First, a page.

Archive for the ‘government shutdown’ Tag

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But, first, here my take. It is the defining moment of a democracy when an outgoing leader celebrates the election of a new one, from the opposing party. Think of George H.W. Bush welcoming Bill Clinton, or Jimmy Carter doing the same for Ronald Reagan.

Across the world, this is the acid test of a real democracy. Mexicans will tell you that they knew that they had gotten there when their president, Ernesto Zedillo, after 70 years of one-party rule, allowed free elections and stood with the newly elected successor and affirmed his legitimacy.

The basic and powerful idea behind this ritual is that in a democracy, the process is more important than the outcome. If a genuine democratic process has been followed, we have to accept the results, regardless of how much we may dislike them.

The ultimate example of this in recent American history might be Al Gore’s elegant acceptance of the process


AL GORE, FORMER VICE PRESIDENT OF THE UNITED STATES: While I strongly disagree with the court’s decision, I accept it.


ZAKARIA: Complicated, politicized, but utterly constitutional that put George W. Bush in the White House.

It must also have been very difficult for Richard Nixon to report the results of the 1960 election when John F. Kennedy won by a razor- thin margin and was marred by voter fraud, but he did. However much you dislike the outcome, you respect the democratic process.

That is what is at stake in Washington this week. The debate going on there was not trivial, not transitory and not about Obamacare. Whatever you think about the Affordable Care Act, it is a law that was passed by the House of Representatives, then the Senate, signed by the president, and then validated by the Supreme Court as constitutional.

That doesn’t mean it cannot be repealed. Of course it can be repealed, as can most laws. But to do so, you would need another piece of legislation, one that says quite simply “The Affordable Care Act is hereby repealed in its entirety” and that would have to then pass the House, the Senate and be signed into law by the president.

What you cannot do, what cannot be allowed to stand is the notion that if a group of legislators cannot convince a majority in both houses and the president to agree with them, would then shut down the government or threaten to default until they got their way. That is not democracy. That is extortion.

I would be happy to see President Barack Obama compromise on the budget, taxes, spending, even Obamacare, but he cannot compromise on the principle that the rules of democracy must be respected, whatever the outcome.

If Democrats had threatened to shut down the government or default on the debt to force the repeal of the Bush tax cuts or to defund the Iraq War, I would have hoped that President George Bush would have also been uncompromising.

America’s power and influence abroad derives in large measure from the strength of its democracy. And if politicians here start playing fast and loose with the rules, doing whatever it takes to get the results that they want, what does that say to people in Russia, Egypt, Iran, and Venezuela who get pious lectures on the rules of democracy from Americans?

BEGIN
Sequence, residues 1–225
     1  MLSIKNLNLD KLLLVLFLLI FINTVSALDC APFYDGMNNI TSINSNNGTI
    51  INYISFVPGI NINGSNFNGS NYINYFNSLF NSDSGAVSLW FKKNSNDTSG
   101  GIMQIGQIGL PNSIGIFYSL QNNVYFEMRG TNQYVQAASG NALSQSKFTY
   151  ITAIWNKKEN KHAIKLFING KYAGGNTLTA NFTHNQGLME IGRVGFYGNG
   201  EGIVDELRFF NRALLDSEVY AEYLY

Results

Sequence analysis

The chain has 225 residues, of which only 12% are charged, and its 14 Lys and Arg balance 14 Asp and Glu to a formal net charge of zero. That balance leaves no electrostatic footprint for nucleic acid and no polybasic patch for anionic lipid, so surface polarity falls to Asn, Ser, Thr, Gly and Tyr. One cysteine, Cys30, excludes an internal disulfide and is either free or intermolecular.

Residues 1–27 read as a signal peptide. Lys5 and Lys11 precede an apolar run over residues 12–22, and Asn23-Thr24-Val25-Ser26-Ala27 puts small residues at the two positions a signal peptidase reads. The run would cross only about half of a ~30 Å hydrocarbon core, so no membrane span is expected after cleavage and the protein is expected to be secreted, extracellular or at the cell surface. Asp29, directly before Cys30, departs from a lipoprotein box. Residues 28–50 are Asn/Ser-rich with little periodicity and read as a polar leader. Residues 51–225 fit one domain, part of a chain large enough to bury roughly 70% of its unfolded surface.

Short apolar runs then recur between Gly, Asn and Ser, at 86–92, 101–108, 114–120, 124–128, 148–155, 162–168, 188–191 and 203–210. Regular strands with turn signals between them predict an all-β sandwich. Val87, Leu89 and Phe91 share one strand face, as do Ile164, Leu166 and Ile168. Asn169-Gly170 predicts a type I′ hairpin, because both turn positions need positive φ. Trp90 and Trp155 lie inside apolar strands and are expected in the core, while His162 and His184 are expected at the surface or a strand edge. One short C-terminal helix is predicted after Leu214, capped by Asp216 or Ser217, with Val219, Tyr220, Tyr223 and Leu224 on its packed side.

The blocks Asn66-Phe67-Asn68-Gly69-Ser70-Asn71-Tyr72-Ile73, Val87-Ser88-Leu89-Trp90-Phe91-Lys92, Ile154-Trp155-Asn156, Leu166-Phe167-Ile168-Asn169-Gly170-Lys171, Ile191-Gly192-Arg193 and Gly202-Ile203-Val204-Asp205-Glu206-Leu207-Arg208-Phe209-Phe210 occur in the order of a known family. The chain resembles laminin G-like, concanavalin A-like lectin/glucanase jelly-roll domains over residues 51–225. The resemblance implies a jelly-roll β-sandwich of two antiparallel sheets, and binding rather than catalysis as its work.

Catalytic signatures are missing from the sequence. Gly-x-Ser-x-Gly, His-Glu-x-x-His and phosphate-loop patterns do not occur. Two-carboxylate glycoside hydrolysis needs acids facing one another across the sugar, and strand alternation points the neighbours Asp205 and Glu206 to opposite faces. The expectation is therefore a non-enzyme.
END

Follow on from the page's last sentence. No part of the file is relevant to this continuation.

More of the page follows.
It tells them that something is deeply rotten with the American system right now.

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Countless lawsuits where the United States is a party are now in limbo, thanks to the fact that the Justice Department lacks the resources to litigate them so long as the government is shut down. One of these lawsuits is a nearly two year old case brought by House Oversight Chair Darrell Issa (R-CA) seeking to hold Attorney General Eric Holder in contempt for failing to turn over documents Issa believes will prove embarrassing to the Obama Administration.

Yet, unlike numerous other lawsuits that were stayed while the Justice Department waits for the shutdown to end, Issa believes that he should not have to live with one of the consequences of the shutdown he and his fellow House Republicans are responsible for — he filed a motion claiming that DOJ’s “Contingency Plan provides that Department employees may continue to work on matters necessary to the discharge of the President’s constitutional duties and powers,” and that his lawsuit qualifies.

Federal Judge Amy Berman Jackson was not amused by this motion:

There are no exigent circumstances in this case that would justify an order of the Court forcing furloughed attorneys to return to their desks. Moreover, while the vast majority of litigants who now must endure a delay in the progress of their matters do so due to circumstances beyond their control, that cannot be said of the House of Representatives, which has played a role in the shutdown that prompted the stay motion.

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A congressional watchdog group filed an ethics complaint against a Republican lawmaker who was caught on camera berating a park ranger over a memorial closed as part of the government shutdown.

Rep. Randy Neugebauer (R-TX) demanded to know why the National Park Service Ranger was keeping most tourists out of the World War II Memorial, although visiting veterans had been permitted to enter by the Interior Department.

The lawmaker, who helped set up the shutdown by voting with his House Republican colleagues to delay implementation of the Affordable Care Act, told the park ranger she should be ashamed of herself.

Footage of the confrontation Wednesday between Neugebauer, the park ranger and a crowd gathered at the memorial was shot by NBC News.